Recent events will have forced many organisations to review their business continuity planning.
Thoughts will be turning to improvements in IT infrastructure, better financial forecasting, property management issues and so on.
But organisations should also make effective communication a priority if they want to come out of future crises with their reputation intact.
A robust crisis communications plan should be a key part of your business continuity planning, so here’s some tips for creating one.
Prepare for a wide range of threats
Any crisis plan should start with an understanding of the range of threats to business continuity an organisation could face.
These threats might include a catastrophic event like a fire or flood, but also more specific threats, such as the critical illness of a business leader, or a cyber security attack that compromises customer data.
Sitting down with your crisis team to ‘brainstorm’ things that could go wrong can be an eye-opening exercise, but it will allow you to understand your likely communications response should they ever become a reality.
Identify the right spokespeople
Depending on the size of the organisation, businesses should have several leaders with the right presentation and media skills to respond to a crisis. Boris Johnson’s hospitalisation during the COVID-19 pandemic, and the ability of other ministers and health experts to lead the government’s daily briefings, was a good example of this.
Consider who is appropriate for the range of demands, whether that’s the CEO as figurehead or a technical lead for more specific issues which need a deeper understanding of the subject.
Your crisis comms plan should consider the balance of skills and knowledge required in your organisation to make up the crisis team and what support they may need. Check if any of the team are media trained or is there a need for media training? Freshfield’s Paul Tustin has some top tips for preparing for media interviews during a crisis.
Reach people through the right channels
You should consider your different audiences and which channels are the most relevant for communicating with them in a range of different crisis scenarios.
For example, the way you will communicate with staff will be very different to the way you update customers or shareholders.
Social media is great for getting a message out quickly, but what about audiences that require more detailed, and perhaps sensitive information? A strong plan can provide a roadmap for communicating with your different audiences.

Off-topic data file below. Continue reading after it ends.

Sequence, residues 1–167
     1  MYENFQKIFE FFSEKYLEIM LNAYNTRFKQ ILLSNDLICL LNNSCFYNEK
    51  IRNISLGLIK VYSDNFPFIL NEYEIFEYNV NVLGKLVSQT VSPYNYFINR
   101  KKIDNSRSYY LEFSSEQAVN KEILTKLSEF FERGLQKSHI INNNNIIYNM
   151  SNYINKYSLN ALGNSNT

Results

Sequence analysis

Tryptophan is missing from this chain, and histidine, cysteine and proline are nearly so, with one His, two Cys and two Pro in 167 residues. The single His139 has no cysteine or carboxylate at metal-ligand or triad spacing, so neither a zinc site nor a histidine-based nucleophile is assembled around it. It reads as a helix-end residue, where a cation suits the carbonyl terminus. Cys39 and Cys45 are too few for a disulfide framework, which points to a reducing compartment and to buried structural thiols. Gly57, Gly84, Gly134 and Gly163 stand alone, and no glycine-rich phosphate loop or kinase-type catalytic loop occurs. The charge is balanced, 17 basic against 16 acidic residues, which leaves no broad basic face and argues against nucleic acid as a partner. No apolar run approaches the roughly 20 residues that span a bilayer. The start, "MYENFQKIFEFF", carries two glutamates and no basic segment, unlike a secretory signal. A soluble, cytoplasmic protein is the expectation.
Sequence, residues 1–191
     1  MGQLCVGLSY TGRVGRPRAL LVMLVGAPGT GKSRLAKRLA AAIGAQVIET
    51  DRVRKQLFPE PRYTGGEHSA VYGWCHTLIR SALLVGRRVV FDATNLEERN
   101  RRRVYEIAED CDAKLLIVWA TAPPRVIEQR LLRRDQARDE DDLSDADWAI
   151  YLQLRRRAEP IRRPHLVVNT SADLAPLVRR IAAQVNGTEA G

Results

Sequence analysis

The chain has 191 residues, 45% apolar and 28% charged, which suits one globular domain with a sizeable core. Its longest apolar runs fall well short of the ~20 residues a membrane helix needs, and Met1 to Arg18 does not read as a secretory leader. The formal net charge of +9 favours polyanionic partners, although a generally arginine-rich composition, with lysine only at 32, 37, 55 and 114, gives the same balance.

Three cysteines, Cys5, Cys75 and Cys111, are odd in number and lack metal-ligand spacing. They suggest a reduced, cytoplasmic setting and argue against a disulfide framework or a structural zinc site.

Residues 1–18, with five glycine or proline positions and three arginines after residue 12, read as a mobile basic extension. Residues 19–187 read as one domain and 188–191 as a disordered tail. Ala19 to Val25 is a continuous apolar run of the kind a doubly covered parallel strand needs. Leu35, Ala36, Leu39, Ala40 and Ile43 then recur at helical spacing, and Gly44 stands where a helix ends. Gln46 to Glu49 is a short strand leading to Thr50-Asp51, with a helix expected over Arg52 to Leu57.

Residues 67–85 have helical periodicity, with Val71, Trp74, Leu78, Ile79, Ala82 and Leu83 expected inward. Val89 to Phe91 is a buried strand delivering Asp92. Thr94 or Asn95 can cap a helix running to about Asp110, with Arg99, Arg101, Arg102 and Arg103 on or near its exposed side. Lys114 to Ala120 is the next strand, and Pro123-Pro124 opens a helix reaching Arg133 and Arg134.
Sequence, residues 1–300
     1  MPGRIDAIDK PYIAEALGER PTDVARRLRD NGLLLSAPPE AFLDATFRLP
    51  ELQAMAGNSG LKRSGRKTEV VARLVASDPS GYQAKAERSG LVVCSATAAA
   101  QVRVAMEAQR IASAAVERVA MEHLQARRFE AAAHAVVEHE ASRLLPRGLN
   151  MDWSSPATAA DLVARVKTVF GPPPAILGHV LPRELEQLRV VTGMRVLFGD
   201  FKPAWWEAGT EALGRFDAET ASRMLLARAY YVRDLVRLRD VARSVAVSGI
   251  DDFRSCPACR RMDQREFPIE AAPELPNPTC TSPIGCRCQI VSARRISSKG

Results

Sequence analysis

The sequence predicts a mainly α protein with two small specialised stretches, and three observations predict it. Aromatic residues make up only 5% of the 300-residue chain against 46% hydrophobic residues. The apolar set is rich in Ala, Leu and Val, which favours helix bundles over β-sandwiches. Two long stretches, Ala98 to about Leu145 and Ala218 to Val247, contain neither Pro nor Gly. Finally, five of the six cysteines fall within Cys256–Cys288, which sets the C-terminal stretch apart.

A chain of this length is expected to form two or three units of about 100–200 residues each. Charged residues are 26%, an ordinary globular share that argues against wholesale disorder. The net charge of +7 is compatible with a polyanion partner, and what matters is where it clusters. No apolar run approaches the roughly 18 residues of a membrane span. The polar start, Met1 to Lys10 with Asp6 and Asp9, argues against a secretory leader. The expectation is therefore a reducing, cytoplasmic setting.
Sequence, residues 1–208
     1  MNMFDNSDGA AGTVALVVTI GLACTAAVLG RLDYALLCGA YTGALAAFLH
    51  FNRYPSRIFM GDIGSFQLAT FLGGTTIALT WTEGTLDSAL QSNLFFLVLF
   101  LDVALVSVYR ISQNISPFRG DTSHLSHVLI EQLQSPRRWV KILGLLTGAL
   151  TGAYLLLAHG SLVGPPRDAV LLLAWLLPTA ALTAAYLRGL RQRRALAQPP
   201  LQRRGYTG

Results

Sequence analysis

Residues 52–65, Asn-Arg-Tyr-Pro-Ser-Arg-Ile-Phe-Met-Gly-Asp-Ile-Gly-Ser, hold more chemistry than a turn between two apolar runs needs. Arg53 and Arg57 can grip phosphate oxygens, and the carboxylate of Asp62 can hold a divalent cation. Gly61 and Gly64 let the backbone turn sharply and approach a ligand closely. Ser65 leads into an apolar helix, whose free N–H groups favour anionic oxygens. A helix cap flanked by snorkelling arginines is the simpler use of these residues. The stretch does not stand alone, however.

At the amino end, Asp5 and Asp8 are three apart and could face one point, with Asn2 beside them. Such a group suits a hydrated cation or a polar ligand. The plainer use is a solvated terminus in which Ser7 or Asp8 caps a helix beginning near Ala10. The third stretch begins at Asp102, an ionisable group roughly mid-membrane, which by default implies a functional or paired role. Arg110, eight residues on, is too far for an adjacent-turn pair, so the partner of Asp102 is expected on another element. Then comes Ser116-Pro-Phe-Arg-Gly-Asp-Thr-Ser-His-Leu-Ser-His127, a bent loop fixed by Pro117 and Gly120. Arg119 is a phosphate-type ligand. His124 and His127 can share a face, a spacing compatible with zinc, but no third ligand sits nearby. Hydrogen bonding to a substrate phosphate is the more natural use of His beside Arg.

Keep everyone in the loop
A key feature of any crisis comms plan is how senior managers and key staff will keep in touch with each other to plan and deliver their response.
Thanks to WhatsApp, Zoom, Skype and a range of other apps, this is much easier than it used to be. However, the plan should spell out how this will be done and will ensure contact details for key staff members and a range of third-party suppliers are easily at hand. My colleague Simon Turner has produced a guide to internal communications during a crisis, which has more tips and advice.
Give it the right resources
A crisis comms plan should also consider practical issues, such as designating a secure room where the crisis team can meet. Does this room have the technology to communicate, for example the right hardware, software and connectivity? Also think about critical information including media, emergency services and key stakeholder contact details including email and phone.
Be aligned with partners
There may be other organisations involved in responding to the same crisis, such as the emergency services, local authorities, healthcare providers, trade or sector organisations. Check with them if there are matters of mutual interest or where you may be able to provide support and exchange information.
Prepare for the long haul
Business crises are rarely a flash in the pan. They usually have long-term repercussions and require a sustained and co-ordinated communications response. Therefore, a crisis comms plan should consider the different phases, such as what will happen in the immediate aftermath of a crisis emerging and then on to the various stages of recovery.
Another important factor is learning from previous crises, so a thorough debrief and evaluation exercise should take place to inform future planning.